BOSTON -- David Ortiz has hit 507 career homers during the regular season. Some of them have won games. Some have come in extra innings, sending the Red Sox to immediate victory.
But it's doubtful that Ortiz has hit a homer that's meant more to an individual fan than the one he hit Friday night against the New York Yankees.
Former teammate Kevin Millar told Ortiz about a young boy named Maverick who has been battling a life-threatening illness. The two sent Maverick a video before Friday's night game that closed with Ortiz pointing to the camera and saying: "I'm going to hit a home run for you!''
Then, in the eighth inning, with the Red Sox and Yankees tied 2-2, Ortiz did just that, driving a first-pitch curveball from New York reliever Dellin Betances into the Monster Seats in left field.
"I would say this is just God putting his hands on things like that,'' Ortiz said, "because we all know that it is not that easy to come through like that. I've been able to get things done like that on a few different occasions. I guess I've been lucky.
"I would say God is the one who takes over this stuff.''
Said manager John Farrell: "It's a storybook situation. You can say that the legend of David Ortiz is far-reaching. I don't know if players fully understand their impact and how far-reaching their impact can be. But to have it play out like that is really a cool thing.''
Ortiz recalled a similar situation from a few years ago, when he visited a young girl dealing with brain damage at Boston's Massachusetts General Hospital.
"When she got a little better,'' Ortiz recalled, "she came to Fenway and we celebrated her birthday here in the family room. We lit up some candles with the cake, sang Happy Birthday to her and that day I told her I was going to hit a home run for her. And I ended up doing it.''
Once the game began, Ortiz was focused on his at-bats. The fact that he was facing Betances in the eighth inning, against whom he was 0-for-7 lifetime with four strikeouts, didn't make it any easier.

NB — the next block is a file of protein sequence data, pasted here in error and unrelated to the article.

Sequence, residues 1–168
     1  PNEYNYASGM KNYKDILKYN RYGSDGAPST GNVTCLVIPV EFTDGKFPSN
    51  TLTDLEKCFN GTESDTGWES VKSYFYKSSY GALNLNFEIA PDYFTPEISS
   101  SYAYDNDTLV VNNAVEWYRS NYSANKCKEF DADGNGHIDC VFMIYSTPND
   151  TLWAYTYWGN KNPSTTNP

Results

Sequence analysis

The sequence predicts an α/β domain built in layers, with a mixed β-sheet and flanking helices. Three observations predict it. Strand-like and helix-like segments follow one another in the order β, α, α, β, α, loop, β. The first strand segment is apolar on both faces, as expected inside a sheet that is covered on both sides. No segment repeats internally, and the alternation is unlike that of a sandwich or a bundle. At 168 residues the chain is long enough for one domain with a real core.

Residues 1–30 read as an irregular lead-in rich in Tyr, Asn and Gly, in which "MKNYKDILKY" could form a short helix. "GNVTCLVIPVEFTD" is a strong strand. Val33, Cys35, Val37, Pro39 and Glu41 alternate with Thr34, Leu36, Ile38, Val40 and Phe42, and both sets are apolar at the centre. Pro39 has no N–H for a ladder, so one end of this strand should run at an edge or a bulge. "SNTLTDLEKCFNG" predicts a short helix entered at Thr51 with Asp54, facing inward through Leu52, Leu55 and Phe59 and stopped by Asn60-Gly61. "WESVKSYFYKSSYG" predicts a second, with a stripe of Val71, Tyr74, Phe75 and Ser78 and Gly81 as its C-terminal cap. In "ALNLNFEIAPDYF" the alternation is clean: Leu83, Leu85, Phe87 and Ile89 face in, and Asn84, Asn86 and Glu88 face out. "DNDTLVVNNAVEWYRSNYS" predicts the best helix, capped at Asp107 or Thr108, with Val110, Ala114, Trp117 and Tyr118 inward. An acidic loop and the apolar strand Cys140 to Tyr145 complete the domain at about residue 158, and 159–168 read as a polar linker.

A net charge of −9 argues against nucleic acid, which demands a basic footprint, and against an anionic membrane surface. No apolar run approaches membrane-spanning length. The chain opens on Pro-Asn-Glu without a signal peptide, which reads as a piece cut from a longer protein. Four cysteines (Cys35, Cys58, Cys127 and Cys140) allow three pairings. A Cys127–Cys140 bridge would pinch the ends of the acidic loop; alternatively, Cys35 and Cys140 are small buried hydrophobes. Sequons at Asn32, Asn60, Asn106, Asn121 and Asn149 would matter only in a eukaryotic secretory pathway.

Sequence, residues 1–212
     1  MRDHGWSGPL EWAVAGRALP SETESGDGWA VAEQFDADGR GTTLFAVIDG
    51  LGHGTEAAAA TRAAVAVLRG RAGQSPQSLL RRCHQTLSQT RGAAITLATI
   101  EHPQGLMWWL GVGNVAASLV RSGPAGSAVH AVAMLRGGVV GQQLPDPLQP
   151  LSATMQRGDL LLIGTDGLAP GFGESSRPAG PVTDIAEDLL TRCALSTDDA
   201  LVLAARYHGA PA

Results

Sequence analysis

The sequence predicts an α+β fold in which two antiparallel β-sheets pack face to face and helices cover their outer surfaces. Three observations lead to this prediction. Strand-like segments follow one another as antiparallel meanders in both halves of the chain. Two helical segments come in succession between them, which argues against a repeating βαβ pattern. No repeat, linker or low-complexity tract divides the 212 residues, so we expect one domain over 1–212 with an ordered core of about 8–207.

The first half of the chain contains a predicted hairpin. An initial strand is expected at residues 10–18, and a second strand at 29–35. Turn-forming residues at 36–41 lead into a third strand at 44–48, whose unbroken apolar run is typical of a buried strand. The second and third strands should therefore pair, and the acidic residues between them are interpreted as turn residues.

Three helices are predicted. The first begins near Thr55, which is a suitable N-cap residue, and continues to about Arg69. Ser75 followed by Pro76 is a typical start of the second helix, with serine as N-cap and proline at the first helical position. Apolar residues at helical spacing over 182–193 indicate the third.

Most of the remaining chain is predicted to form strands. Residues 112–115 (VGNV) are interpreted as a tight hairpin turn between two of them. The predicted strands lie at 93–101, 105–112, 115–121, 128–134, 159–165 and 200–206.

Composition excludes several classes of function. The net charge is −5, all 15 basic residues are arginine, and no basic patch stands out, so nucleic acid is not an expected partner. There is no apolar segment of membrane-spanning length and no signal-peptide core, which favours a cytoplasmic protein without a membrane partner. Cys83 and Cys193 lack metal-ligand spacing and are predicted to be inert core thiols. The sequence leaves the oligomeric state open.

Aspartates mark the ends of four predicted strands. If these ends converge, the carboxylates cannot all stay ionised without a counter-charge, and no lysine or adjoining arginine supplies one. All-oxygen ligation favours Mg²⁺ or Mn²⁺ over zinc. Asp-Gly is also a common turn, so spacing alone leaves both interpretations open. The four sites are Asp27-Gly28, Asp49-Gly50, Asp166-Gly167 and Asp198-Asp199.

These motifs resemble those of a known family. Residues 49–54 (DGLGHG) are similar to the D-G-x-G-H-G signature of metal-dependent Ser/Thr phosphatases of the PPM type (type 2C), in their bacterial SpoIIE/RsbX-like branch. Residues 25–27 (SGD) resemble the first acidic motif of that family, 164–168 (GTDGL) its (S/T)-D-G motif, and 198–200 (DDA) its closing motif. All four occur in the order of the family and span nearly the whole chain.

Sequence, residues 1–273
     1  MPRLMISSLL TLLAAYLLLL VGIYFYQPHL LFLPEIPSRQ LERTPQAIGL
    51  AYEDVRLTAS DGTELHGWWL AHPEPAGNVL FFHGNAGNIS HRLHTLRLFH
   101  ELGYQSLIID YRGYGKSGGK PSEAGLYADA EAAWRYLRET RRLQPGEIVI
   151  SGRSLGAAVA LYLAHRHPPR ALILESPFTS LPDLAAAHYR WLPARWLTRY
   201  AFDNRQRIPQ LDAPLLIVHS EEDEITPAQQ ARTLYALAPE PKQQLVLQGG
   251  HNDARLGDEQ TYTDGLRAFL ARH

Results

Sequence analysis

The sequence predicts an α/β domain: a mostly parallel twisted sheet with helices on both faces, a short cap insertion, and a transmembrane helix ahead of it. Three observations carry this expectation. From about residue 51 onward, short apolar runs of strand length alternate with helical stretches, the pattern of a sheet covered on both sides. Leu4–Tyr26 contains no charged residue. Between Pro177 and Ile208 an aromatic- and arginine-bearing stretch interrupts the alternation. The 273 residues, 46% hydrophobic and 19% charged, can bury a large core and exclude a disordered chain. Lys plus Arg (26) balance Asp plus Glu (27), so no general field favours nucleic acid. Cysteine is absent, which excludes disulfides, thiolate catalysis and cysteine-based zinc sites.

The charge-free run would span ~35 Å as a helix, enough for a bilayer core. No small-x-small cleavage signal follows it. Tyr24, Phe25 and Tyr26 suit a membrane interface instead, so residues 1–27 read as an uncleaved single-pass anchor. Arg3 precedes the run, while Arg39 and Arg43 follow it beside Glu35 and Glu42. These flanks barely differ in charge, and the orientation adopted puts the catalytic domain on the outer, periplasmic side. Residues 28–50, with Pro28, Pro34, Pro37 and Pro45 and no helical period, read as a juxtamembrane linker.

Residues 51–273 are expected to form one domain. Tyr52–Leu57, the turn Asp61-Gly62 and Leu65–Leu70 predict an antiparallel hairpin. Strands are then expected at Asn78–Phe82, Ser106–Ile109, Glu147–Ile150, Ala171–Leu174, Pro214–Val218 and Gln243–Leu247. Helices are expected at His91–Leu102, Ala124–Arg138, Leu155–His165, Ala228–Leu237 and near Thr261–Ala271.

"Everyone knows how good Betances has been through his career,'' Ortiz said. "When things like that happen, it makes you believe that there's something special out there that we should believe in.''
Ortiz said he wasn't focused on hitting the homer during the game.
"Listen, the promise is not a guarantee,'' he said. "This is baseball. This is not, 'I'm going to shoot a free throw' when no one's playing defense on you. Or 'I'm Steph Curry and I'm going to shoot a three-pointer.' You know that's going to happen regardless. This is baseball. What you're trying to do was make Maverick feel better, have that connection with him. And you throw that out there to make sure he has a friend that he can count on right here.
"But while the game is going on, I'm not thinking about it, to be honest with you. But I can get away with it because I'm a power hitter and if I put a good swing on it, it can happen. But everybody on planet earth understands that it's not that easy. But that when it happens, everyone understands. Me personally, I'm a huge believer in God and I think he had a lot to do with this.''
In fact, it wasn't until Ortiz rounded the bases, crossed home plate and was trotting back to the dugout that he saw Millar and Millar's own kids sitting right next to the dugout that he recounted his pre-game video to Maverick.
"That's when I started thinking about it,'' said Ortiz.
Maverick sent a video back to Ortiz -- via Millar -- after the game-winning homer.
"After the game,'' Ortiz recounted, "Millar came to me and he was crying when he showed me the video that Maverick sent. It was very touching. I started thinking about it right after. When I got home, I was like, 'I can't believe this really happened.' Millar told me that his parents haven't seen (Maverick) him that happy in a long time. He has been very sick. But I always say there's something special out there. I'm a huge believer in God.
"I'm crazy about kids. When you see a sick kid and see what he's going trough I can't imagine. I don't think I'm prepared to see my child struggle like that. It's good. It's a good thing when you can put a smile on a child."